The article by Morris Petersen in the September 1987 Ensign was great! Even as a child I was frustrated as teachers discussed dinosaurs and early earth life. I wanted so badly for the discoveries of science to coincide with the biblical version of the Creation. I find great peace in the Doctrine and Covenants scripture that tells us the Lord will reveal all things. Thanks for the article. We used it for a family home evening lesson, and it was the basis for an excellent discussion with our children.
Lynnette W. Hancock
Elder Russell M. Ballard’s article on suicide in the October 1987 issue of the Ensign struck home. My sister committed suicide in 1974, and although I saw what it did to my parents, I, too, often thought of taking my own life.
For years I suffered an undiagnosed chemical imbalance that sent my emotions on a roller-coaster ride at the slightest change of mood. Even after I was diagnosed, I still had moments of despair that led to thoughts of taking my life. Still, I knew it was wrong, and I seriously tried to consider the ramifications of what I was considering.
It was then that I began to ask the Lord: “How can I bear this existence? Where can I find peace?” I pleaded for months with him to call me home. I reasoned that if he would take me, I could find comfort beyond the veil but not be responsible for committing suicide. I explained this to him over and over.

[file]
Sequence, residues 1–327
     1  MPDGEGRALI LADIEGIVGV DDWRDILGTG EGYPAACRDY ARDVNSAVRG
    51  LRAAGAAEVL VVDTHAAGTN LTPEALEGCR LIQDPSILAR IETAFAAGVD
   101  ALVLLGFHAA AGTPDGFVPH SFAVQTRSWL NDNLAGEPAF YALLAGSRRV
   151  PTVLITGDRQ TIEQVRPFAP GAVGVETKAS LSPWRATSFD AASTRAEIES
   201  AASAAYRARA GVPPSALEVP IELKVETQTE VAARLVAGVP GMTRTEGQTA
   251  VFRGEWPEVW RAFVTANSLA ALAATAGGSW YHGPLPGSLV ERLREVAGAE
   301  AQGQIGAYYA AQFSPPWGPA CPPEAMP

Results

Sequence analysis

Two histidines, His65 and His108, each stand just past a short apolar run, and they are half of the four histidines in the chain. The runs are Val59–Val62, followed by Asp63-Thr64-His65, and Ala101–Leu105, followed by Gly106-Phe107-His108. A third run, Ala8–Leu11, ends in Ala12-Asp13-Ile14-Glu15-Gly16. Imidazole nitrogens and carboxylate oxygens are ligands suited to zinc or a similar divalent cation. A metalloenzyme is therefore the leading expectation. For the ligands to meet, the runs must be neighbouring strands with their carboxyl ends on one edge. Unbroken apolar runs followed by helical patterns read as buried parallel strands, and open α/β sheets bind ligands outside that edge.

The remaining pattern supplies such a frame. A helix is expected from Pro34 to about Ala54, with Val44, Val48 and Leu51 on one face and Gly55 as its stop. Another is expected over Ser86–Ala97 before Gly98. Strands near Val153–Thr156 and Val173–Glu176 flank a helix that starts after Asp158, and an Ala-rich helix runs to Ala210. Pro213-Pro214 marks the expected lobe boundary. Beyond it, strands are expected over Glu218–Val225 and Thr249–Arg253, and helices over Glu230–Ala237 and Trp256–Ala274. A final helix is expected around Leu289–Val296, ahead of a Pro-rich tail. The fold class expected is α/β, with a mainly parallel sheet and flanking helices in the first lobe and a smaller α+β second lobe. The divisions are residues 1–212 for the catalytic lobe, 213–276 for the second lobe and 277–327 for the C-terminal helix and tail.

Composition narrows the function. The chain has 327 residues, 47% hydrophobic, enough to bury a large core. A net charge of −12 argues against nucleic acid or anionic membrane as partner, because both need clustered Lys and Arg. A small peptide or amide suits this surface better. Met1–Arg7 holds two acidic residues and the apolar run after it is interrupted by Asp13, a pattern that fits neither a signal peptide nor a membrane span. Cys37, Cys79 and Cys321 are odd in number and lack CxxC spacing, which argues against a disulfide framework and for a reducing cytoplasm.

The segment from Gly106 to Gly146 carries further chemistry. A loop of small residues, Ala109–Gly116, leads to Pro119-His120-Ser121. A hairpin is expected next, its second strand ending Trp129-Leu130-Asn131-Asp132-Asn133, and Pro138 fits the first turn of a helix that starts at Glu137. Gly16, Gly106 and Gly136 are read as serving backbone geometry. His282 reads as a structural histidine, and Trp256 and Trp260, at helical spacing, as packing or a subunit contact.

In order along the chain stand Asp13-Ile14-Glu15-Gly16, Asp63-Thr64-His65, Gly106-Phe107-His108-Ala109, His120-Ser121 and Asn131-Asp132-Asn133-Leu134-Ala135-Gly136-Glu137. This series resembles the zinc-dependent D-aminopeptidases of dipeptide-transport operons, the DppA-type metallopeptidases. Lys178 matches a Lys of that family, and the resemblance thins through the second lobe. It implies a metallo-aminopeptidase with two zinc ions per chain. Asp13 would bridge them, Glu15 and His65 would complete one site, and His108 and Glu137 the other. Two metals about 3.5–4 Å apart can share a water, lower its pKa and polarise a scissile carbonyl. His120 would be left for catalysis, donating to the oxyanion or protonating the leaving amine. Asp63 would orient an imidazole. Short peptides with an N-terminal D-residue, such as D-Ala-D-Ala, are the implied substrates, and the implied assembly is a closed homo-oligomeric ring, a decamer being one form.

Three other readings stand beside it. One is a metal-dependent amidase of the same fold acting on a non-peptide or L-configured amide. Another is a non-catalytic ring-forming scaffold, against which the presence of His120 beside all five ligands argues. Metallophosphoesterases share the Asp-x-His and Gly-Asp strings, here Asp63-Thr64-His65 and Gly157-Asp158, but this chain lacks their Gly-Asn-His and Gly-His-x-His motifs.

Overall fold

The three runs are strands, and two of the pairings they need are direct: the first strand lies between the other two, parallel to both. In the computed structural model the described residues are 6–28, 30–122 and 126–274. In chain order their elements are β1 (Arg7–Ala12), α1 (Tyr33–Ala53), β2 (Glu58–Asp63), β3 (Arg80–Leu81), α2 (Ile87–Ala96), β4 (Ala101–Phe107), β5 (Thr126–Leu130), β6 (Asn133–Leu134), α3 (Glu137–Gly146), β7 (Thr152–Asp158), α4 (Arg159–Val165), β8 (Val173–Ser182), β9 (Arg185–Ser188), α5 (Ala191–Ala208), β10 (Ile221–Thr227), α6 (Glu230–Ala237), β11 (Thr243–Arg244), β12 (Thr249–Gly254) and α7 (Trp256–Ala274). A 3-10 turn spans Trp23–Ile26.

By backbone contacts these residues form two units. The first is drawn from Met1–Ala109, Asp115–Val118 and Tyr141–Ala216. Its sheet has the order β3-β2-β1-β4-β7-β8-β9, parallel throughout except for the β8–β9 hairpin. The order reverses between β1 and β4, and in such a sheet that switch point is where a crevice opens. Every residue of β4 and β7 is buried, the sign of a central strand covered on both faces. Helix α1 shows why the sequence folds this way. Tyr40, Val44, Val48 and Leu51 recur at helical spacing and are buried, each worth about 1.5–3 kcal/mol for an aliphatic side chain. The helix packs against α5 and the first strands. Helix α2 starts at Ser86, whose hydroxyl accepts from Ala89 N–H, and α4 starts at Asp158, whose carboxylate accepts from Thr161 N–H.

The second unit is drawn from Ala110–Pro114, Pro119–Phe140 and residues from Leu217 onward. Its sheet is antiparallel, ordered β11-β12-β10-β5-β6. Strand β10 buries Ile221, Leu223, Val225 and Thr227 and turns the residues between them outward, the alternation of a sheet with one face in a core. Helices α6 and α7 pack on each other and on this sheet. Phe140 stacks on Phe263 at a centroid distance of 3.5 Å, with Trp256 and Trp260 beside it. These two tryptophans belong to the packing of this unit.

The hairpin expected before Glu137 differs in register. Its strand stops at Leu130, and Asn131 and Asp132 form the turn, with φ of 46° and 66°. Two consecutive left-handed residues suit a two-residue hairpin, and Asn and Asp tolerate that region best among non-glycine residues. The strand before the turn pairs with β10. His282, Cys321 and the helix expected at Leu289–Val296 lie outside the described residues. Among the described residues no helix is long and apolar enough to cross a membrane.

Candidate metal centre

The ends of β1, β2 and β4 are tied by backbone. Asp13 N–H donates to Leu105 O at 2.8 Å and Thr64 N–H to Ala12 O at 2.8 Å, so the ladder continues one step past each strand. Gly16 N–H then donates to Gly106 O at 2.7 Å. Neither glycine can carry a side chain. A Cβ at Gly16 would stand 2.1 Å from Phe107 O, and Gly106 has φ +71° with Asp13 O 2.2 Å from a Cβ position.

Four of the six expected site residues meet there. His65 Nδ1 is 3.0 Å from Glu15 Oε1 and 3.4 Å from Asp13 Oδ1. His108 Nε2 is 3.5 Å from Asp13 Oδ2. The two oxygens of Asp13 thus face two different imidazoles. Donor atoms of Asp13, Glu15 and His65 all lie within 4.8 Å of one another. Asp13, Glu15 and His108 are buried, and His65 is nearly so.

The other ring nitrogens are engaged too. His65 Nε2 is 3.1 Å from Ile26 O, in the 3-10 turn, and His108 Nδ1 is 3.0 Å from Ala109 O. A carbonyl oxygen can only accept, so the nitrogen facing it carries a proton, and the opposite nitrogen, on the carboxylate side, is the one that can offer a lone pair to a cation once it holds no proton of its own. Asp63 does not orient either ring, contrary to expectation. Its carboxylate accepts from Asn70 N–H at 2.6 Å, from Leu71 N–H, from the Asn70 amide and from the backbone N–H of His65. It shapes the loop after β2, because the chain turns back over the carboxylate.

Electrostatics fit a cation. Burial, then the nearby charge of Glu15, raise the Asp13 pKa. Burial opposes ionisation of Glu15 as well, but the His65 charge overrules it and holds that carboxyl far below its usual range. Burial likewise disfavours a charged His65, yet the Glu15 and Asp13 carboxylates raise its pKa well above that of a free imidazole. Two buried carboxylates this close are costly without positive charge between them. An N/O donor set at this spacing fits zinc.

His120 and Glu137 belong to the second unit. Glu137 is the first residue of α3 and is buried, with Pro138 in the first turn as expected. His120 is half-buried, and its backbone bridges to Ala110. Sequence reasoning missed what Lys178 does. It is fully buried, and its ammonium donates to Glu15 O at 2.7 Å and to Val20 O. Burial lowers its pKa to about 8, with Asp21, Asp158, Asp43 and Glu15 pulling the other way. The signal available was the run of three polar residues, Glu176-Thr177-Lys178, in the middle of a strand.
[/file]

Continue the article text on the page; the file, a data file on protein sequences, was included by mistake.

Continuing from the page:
Finally, I received an answer to my prayers. I did not hear a voice or see a vision, but following a priesthood blessing I felt a peace encompass me that gave me the knowledge I needed to continue living: Although my Heavenly Father loves me very much and looks forward to my being with him again, my life was not yet to be over. He needed me here. And to help me, he gave me a gift. Whenever my moods plunge me into such a despair that death seems enviable, the peace and warmth I experienced following that priesthood blessing return and guide me through my dark and troubled time.
I have a testimony now more than ever of our Father’s deep love for each of us. No problem is too trivial to bring before him. I am eternally grateful for his patience with me as I continue to struggle to appreciate this life.
As a mother whose teenage son tried to take his life a few months ago, I would like to support some of the things Elder Ballard said in his article on suicide.
From what my son has told me, it wasn’t any one thing that led him to attempt suicide. Because of low self-esteem and the struggle he was having with school, he despaired at succeeding in life. A mission was out of the question, in his mind, because he felt he could never learn to teach the gospel. When he tried to communicate these fears, no one really listened. We told him it was his duty to go on a mission and simply assured him he could do it. These high expectations only added to his fear.
His fear was compounded by loneliness. For a while, we lived in an area where there was no one our son’s age for him to associate with (another source of stress), but since he was a quiet boy, we didn’t worry.
The experience has taught me some lessons I would like to share with other parents. Let your children know they are important to you. Praise them for their accomplishments, no matter how small. Let them know they aren’t expected to be perfect, that some failures are a normal part of mortal life.
If someone talks to you about taking his or her life, don’t ignore it. Talk to him. Let him feel that someone cares, and then get help—from a hospital, from a family crisis center, from the health department, from the police, from the Church.